Boko Haram, the militant group responsible for the recent kidnapping of 276 girls in Nigeria, was not designated as a Foreign Terrorist Organization (FTO) by the State Department until November of 2013 despite a long record of violence. Former Secretary of State Hillary Clinton has now come under fire, as reported by Josh Rogin at the Daily Beast, for resisting calls for the FTO designation for Boko Haram during her tenure at the State Department. Rogin says that "[t]he refusal came despite the urging of the Justice Department, the FBI, the CIA, and over a dozen senators and congressmen." But in 2012, even U.S. State Department diplomats in Nigeria seemed mystified about why the government was "reluctant" to issue the designation.
On September 20, 2012, then Bureau of African Affairs Assistant Secretary Johnnie Carson appeared on a State Department "Live at State" webchat regarding "U.S. Policy Toward Sub-Saharan Africa." Questions from journalists and other individuals via webchat were posed to Carson by the host, Holly Jensen. At one point, a question was asked by the "U.S. Consulate in Lagos [Nigeria]":
MS. JENSEN: The U.S. Consulate in Lagos wants to know: Why is the government reluctant to designate the Boko Haram sect as a foreign terrorist organization?
AMBASSADOR CARSON: Thank you very much. We look at the issue of Boko Haram as a major concern not only to Nigeria but also to Nigeria’s neighbors and Niger and Cameroon and Benin as well. Boko Haram, we believe, is not a homogenous, monolithic organization, but it is comprised of several different kinds of groups.
Carson went on to note that while the organization itself was not designated as a Foreign Terrorist Organization, three individuals within Boko Haram were designated as Specially Designated Global Terrorists in June 2012:
We have, indeed, recently designated three individuals in Boko Haram as individuals who are involved in terrorism, and we have done so because we believe those three individuals have established contacts with foreign terrorist organizations, have gone out and sought to get financing from foreign terrorist organizations, and have tried to establish broader networks and relationships with them.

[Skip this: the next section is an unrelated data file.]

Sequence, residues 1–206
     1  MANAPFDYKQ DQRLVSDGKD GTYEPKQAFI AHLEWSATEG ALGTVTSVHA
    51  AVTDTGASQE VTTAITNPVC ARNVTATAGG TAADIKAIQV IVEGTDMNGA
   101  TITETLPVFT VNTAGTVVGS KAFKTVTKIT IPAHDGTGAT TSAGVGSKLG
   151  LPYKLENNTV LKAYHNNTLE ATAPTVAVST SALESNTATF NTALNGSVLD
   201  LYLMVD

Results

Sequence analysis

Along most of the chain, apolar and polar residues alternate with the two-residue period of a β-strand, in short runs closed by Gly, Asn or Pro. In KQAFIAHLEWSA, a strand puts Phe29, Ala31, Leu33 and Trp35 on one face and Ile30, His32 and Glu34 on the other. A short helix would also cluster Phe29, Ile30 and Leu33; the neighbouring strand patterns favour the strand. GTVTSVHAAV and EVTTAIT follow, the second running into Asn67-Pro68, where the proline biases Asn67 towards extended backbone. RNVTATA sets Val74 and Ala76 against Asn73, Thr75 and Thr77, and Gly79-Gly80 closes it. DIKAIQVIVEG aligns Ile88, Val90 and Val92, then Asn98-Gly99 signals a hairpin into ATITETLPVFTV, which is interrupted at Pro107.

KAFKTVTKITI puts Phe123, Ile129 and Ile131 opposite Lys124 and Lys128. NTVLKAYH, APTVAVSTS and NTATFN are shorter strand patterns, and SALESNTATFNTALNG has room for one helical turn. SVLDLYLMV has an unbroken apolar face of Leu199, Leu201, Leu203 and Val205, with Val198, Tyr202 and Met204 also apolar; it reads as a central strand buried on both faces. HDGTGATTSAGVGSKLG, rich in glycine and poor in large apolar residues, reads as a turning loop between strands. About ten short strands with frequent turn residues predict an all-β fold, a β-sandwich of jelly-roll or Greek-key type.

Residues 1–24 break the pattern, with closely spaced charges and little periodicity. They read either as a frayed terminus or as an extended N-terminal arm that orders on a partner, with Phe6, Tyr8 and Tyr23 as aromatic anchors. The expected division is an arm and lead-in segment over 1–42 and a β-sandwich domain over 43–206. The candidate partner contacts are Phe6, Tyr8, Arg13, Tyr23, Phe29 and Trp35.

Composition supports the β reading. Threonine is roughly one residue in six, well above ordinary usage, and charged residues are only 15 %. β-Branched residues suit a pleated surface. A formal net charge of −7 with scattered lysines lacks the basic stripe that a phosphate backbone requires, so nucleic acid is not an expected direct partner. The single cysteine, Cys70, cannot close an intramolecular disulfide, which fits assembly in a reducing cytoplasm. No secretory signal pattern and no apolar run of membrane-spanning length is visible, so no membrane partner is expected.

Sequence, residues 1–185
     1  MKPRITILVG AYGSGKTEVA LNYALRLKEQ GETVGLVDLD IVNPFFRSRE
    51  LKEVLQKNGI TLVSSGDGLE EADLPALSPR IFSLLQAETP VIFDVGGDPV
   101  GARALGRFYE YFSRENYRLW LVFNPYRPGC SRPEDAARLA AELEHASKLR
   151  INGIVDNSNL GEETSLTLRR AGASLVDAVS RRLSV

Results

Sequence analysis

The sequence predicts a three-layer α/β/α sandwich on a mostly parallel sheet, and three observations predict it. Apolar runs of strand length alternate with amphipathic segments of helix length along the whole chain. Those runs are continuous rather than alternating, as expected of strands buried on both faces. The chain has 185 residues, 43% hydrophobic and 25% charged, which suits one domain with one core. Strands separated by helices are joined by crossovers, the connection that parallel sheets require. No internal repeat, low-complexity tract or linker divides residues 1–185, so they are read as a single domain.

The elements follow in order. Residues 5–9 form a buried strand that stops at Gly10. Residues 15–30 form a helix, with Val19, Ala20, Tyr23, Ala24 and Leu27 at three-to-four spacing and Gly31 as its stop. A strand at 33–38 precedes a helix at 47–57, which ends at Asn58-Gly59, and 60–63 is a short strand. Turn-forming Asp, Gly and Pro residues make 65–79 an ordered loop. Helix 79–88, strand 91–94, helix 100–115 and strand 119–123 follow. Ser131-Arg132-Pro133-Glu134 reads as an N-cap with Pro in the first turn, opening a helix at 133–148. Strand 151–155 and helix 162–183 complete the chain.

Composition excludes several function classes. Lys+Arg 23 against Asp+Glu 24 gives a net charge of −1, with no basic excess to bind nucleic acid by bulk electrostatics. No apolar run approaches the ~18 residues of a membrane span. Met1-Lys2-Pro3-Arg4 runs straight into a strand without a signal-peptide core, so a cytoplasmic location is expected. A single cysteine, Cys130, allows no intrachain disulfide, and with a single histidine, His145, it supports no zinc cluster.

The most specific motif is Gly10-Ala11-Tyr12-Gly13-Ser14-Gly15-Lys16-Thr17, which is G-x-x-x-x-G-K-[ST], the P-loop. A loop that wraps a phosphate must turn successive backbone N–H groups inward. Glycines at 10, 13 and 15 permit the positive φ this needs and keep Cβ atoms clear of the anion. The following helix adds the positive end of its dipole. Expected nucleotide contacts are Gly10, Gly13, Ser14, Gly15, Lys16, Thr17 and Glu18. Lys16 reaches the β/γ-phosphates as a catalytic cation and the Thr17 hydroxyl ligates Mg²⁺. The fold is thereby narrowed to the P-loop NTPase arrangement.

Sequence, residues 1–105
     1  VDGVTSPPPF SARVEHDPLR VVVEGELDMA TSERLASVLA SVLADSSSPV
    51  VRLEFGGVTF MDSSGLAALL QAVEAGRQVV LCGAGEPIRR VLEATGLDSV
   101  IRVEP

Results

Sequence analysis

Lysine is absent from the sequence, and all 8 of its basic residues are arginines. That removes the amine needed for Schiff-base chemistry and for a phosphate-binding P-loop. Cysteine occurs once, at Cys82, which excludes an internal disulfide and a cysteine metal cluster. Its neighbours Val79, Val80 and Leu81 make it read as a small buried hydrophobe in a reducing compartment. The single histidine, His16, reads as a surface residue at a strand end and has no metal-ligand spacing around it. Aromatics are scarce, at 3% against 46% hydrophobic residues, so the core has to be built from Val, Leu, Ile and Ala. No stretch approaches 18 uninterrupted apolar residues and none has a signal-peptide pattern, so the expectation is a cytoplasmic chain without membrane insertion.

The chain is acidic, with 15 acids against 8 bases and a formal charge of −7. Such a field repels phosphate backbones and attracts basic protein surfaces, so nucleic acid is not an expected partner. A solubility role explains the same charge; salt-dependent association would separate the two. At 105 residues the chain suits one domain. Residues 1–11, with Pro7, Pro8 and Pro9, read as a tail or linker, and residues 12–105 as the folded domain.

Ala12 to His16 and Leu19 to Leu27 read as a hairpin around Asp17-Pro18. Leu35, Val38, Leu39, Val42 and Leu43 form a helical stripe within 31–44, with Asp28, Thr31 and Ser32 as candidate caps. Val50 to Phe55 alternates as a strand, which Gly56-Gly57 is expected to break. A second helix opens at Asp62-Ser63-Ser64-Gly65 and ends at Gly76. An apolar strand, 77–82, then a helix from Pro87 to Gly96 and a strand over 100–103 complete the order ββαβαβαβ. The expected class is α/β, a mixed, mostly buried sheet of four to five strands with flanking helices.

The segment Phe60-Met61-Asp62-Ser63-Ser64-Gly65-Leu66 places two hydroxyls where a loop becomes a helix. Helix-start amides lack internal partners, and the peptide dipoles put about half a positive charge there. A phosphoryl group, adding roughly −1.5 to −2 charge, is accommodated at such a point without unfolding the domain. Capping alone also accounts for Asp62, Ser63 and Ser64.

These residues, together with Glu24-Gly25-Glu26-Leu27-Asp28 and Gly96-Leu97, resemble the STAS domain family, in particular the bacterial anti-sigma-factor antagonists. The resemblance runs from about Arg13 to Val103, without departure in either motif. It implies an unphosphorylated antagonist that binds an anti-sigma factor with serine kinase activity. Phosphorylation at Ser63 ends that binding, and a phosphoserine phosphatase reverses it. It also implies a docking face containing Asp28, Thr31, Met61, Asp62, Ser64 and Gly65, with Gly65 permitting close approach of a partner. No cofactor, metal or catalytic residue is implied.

In his Daily Beast report, Josh Rogin said that Johnnie Carson "defended the decision to avoid naming Boko Haram a terrorist organization in aphone call with reporters."
[Carson:] “There was a concern that putting Boko Haram on the foreign terrorist list would in fact raise its profile, give it greater publicity, give it greater credibility, help in its recruitment, and also probably drive more assistance in its direction[.]”
But in the September 2012 webchat, Carson seemed to suggest that the State Department did not even consider the "Boko Haram movement," as he called it, to necessarily be a terror organization, but rather several groups simply "focused on trying to discredit the Nigerian Government":
But we believe that the bulk of the Boko Haram movement is – they’re focused on trying to discredit the Nigerian Government, trying to do everything in its power to show that the government is ineffective in the defense of its people and in the protection of government institutions, so we have not designated the entire organization. We constantly keep that under review, but we have, in fact, designated the three top leaders in Boko Haram who we believe to be out establishing broader terrorist networks and who have a broader jihadist agenda that goes beyond simply discrediting the Nigerian Government.
In any case, the State Department eventually applied the FTO designation to Boko Haram under secretary John Kerry. But questions remain about why Hillary Clinton's State Department fought so hard against the designation contrary to the opinions of not only the FBI, CIA, the Justice Department, and lawmakers, but apparently of State Department personnel on the ground in the country where Boko Haram was carrying out its campaign of violence.